Yes, you can build muscle with resistance bands. All your muscles need to grow is tension, proper recovery and muscle adaptation% 26 progressive overload. Muscle building can be achieved with body-weight only exercises, so resistance bands will only increase your ability to grow muscle. Incorporating resistance band exercises into your personal training program is a proven way to build muscle mass.
Bodybuilders and gym lovers may make you think that you can only build mass and grow if you lift heavy free weights or work out with weight machines, but this is simply not true. One claim is that resistance bands are better for building muscle than free weights. The idea is that the variable resistance created by resistance bands, where the band becomes increasingly difficult to stretch as it lengthens, creates a unique resistance curve that is good for building muscle. This is the exact opposite of what most research indicates, and we'll discuss it in a second, but it raises another question.
If resistance bands were a good way to build muscle, why don't people use them at the gym?. Yes, resistance bands build muscle. Although free weights, like the best dumbbells for women, have always been the choice for muscle building, resistance bands can be equally effective in building strength and muscle mass. Research shows that strength gains from using resistance elastic bands are similar to those from training with dumbbells or weight machines, which benefits not only the average person but also athletes.
Resistance band training can even increase stabilizing muscles to a greater extent than weight training. This muscle group is important, as it supports our larger muscles and joints during movement and helps us not to injure ourselves. Strengthening them can improve movement and stability, which is why resistance bands are often used for rehabilitation. If you are in rehab yourself, you may want to check out BHF's article on resistance band rehabilitation.
Chloe graduated with a bachelor's degree (with honors) in English and creative writing from John Moores University in Liverpool and, prior to OriGym, worked at the digital marketing agency J&R on the Liverpool series “Female Founders”. Since joining the company, she has become a qualified personal trainer and advanced specialist in sports nutrition. Chloe's professional interests intersect with content development and the online fitness world, especially through social media and YouTube, and Chloe has contributed pieces on fitness and weight loss to sites like the Daily Star and The Express. Outside of her daily role, Chloe enjoys playing guitar, playing and training with kettlebells.
For another example, doing push-ups with resistance bands shifts the emphasis from the chest to the triceps. However, remember that you can also use resistance bands along with weights to add more resistance to different exercises. Resistance bands can be used to build muscle, and if that's all you have access to, then you can also take advantage of them. You can manipulate the direction of the resistance with resistance bands, which makes them very practical to access different training methods with the same piece of equipment.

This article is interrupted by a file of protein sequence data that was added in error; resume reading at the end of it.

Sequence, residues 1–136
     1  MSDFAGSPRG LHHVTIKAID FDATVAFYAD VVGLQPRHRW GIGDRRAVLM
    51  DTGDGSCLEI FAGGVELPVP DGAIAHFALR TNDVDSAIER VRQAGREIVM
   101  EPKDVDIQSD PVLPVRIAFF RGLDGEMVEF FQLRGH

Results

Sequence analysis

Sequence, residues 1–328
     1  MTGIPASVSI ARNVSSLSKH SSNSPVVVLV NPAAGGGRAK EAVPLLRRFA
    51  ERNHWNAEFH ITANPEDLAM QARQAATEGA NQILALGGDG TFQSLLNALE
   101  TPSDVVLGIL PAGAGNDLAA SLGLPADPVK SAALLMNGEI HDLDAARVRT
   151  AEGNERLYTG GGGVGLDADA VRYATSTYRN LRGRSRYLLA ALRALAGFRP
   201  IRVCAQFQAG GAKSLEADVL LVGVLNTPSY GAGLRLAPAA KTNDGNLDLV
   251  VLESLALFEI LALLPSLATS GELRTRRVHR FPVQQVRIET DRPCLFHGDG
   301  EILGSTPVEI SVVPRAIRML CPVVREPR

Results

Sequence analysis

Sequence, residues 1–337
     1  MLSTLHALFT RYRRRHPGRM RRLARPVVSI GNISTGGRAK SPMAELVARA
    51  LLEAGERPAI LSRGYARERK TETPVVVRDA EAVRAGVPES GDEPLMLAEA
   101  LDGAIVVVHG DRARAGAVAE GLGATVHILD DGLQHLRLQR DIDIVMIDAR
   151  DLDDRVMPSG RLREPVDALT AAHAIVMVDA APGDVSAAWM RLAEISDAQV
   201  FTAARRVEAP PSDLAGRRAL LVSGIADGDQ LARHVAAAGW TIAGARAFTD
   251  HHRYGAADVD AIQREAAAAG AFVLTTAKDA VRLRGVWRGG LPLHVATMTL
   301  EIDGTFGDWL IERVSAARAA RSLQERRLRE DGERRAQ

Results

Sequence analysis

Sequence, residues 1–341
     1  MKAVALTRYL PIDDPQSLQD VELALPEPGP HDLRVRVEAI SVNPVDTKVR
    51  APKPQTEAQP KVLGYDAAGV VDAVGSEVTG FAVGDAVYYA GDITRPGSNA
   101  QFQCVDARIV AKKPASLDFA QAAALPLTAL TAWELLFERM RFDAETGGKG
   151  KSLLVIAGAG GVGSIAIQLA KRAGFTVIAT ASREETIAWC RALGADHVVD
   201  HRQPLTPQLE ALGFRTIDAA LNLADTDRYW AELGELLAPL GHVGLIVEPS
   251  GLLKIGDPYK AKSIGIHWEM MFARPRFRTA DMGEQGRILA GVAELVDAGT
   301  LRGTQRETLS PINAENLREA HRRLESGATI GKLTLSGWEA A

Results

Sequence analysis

So, you might be thinking, what does this have to do with resistance bands? After all, nothing prevents us from using a full range of movements with resistance bands, right? And if we use resistance bands correctly, we can make sure that there is some tension in our muscles at the bottom of the range of motion. It may seem that we have shamed free weights in the fight of resistance bands versus weights, but that is not the case. Okay, now that we've covered that, yes, it's possible to build muscle with anything, including resistance bands, let's talk about whether resistance bands are as good as free weights and what are the different advantages and disadvantages. In addition, it is common to see that people use resistance bands for metabolite training, such as when women throw some bands around their knees when they do hip compressions to get a larger muscle pump in their buttocks.
Maybe it's because they're less stable, or maybe it's because of the unnatural strength curve, but research shows that building muscle with resistance bands feels harder (study, study). Resistance bands are manufactured in a variety of different strengths, from beginner to experienced. They have a fun strength curve, and I think free weights are an easier way to build muscle, but resistance bands are still viable, and if you prefer them, sweet. But if you're struggling to keep up the habit of exercising, or if you're new to trying to build muscle, or if you're worried about being a tough winner, then bulking up with resistance bands could make things unnecessarily difficult.